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The Legacy Virtual Machine shell
For all of our Legacy Virtual Machines, we provide a login to our console shell system. This interface provides two functions essential to managing a host remotely: serial console access and the ability to turn your machine off and on (power cycle).
The shell interface
Once you’ve connected you will see the shell interface, allowing you to immediately see the output of the serial console of your machine and call up the other functions.
The display should look something like this:
Note the two status lines at the bottom remove two lines from your terminal size. If you run editors or other full-screen applications and want to avoid screen corruption, you may want to expand your terminal by two lines to compensate or see the key-strokes section below for details of how to remove them.
The console will usually show a login prompt unless you have altered your
/etc/inittab to remove it. We don’t recommend this, as this login is your primary means of fixing a broken network or firewall. You will also see kernel messages printed here; this is where to look for messages indicating disc failure or excessive network activity.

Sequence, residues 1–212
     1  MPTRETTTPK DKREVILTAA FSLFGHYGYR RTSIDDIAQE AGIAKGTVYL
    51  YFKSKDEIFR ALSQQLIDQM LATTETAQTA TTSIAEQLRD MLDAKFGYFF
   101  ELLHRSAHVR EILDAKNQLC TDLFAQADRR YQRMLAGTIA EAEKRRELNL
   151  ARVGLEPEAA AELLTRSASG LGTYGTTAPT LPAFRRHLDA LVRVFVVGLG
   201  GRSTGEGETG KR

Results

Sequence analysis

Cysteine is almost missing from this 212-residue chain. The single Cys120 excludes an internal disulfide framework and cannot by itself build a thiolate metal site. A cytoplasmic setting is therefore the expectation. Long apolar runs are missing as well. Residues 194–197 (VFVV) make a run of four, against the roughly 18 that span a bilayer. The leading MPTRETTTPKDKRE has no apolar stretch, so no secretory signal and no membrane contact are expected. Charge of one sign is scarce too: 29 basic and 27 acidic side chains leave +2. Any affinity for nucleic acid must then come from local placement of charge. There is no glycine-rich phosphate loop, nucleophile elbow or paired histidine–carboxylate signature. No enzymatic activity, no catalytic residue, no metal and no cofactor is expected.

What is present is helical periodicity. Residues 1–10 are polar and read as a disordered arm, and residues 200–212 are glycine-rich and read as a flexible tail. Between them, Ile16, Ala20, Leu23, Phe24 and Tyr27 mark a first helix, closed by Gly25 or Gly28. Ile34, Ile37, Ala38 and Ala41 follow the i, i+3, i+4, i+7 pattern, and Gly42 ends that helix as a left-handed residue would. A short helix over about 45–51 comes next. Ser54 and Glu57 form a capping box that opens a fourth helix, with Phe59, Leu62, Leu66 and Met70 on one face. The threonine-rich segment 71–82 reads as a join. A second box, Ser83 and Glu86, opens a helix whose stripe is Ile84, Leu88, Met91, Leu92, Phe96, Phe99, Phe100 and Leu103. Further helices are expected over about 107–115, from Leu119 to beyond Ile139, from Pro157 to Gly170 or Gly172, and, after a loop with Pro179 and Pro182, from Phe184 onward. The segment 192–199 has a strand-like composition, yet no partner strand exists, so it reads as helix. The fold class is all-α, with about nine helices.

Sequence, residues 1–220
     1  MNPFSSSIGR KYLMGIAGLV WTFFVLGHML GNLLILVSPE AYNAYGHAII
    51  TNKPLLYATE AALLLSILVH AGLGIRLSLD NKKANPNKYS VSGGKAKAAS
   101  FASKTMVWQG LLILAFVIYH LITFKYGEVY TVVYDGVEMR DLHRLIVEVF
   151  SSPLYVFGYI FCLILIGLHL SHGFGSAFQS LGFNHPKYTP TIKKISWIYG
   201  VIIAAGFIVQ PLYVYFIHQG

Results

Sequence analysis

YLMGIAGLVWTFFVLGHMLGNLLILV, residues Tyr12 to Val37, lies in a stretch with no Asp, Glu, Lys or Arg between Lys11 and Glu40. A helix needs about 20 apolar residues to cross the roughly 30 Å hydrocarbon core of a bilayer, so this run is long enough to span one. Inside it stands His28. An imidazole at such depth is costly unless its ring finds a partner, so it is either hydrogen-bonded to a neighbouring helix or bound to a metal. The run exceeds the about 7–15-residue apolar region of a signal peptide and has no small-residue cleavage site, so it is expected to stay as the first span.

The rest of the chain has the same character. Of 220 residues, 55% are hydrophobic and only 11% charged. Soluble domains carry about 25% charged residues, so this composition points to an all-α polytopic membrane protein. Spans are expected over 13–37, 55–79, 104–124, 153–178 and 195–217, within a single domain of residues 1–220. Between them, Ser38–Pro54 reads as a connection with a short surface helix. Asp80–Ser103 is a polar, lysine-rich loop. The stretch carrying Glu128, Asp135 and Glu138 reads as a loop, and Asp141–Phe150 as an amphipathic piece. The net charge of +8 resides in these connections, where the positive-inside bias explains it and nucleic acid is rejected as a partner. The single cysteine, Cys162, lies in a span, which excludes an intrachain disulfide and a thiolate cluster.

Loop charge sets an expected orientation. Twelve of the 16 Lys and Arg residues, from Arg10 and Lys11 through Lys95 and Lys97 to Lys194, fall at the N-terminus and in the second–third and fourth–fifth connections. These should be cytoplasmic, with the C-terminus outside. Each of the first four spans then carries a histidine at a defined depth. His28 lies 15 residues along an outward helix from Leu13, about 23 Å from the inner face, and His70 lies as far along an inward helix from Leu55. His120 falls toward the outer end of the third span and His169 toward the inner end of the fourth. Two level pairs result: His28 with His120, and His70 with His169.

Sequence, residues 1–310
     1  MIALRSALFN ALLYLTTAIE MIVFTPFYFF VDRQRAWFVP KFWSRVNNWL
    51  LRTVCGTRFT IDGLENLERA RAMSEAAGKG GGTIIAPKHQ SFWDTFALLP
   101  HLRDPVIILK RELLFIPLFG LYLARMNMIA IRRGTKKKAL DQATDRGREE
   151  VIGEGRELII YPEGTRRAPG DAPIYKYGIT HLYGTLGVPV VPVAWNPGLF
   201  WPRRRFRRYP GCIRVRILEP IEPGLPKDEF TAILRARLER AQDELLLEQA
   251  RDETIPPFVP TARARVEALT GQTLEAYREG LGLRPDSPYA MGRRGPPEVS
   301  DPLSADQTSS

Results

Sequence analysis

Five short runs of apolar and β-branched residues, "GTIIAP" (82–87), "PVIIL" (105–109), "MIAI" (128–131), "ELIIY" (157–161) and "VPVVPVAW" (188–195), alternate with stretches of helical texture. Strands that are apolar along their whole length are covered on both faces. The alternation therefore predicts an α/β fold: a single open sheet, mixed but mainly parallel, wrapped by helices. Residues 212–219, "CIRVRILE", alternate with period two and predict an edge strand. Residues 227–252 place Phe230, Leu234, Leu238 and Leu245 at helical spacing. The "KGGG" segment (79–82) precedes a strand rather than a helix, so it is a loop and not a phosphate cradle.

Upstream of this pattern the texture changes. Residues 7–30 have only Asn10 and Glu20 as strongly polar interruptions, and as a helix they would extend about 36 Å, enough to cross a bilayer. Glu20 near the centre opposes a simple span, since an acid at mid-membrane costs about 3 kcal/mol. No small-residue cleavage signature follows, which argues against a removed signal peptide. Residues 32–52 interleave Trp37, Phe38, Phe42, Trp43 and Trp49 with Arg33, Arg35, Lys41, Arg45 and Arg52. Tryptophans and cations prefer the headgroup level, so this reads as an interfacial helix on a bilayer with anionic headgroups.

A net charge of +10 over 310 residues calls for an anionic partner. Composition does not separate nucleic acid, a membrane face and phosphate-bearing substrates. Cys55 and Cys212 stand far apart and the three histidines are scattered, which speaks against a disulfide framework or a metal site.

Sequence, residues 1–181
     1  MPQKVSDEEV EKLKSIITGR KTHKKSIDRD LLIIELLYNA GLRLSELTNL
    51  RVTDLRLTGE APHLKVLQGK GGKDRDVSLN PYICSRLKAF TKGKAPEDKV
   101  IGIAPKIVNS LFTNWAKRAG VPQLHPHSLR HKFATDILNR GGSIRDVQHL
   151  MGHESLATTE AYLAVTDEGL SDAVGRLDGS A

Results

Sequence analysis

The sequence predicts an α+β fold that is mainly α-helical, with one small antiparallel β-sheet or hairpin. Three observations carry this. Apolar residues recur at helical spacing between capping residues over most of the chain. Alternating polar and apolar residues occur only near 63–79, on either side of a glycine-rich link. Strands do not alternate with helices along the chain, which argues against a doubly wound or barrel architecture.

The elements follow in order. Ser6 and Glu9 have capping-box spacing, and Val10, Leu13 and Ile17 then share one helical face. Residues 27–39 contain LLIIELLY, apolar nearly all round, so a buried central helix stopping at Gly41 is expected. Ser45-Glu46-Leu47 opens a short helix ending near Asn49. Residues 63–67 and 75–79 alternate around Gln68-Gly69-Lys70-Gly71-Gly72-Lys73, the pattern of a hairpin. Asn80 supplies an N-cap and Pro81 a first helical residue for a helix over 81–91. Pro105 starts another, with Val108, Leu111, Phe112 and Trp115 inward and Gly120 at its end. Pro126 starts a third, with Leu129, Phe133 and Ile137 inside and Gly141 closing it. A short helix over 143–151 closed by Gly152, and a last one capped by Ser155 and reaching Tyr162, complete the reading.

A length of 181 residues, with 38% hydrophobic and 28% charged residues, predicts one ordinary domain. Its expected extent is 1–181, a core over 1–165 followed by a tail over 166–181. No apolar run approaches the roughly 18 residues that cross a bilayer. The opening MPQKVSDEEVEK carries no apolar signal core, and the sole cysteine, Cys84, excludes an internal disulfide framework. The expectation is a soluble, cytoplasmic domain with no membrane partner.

If you don’t see a login prompt straight away you may need to press return a couple of times. Recent Ubuntu versions have changed the way serial line access is configured; this is of particular interest if you do an upgrade from hardy or jaunty - there is information about this here.
To exit the serial console press Ctrl+p x, as indicated by the quick help displayed at the bottom of the window.
The console shell process by default only shows you the serial console of your machine. There are other functions available which you can access through their key bindings.
Power cycling your machine
If your machine is really stuck and you can do nothing else with it then we’d suggest power cycling it. This is not clean and is essentially the same as pulling the plug on your server with no warning.
To power cycle your machine press Ctrl+p r and confirm your decision. The machine should then reboot, and after a few seconds you’ll be able to see the serial console output our boot loader messages.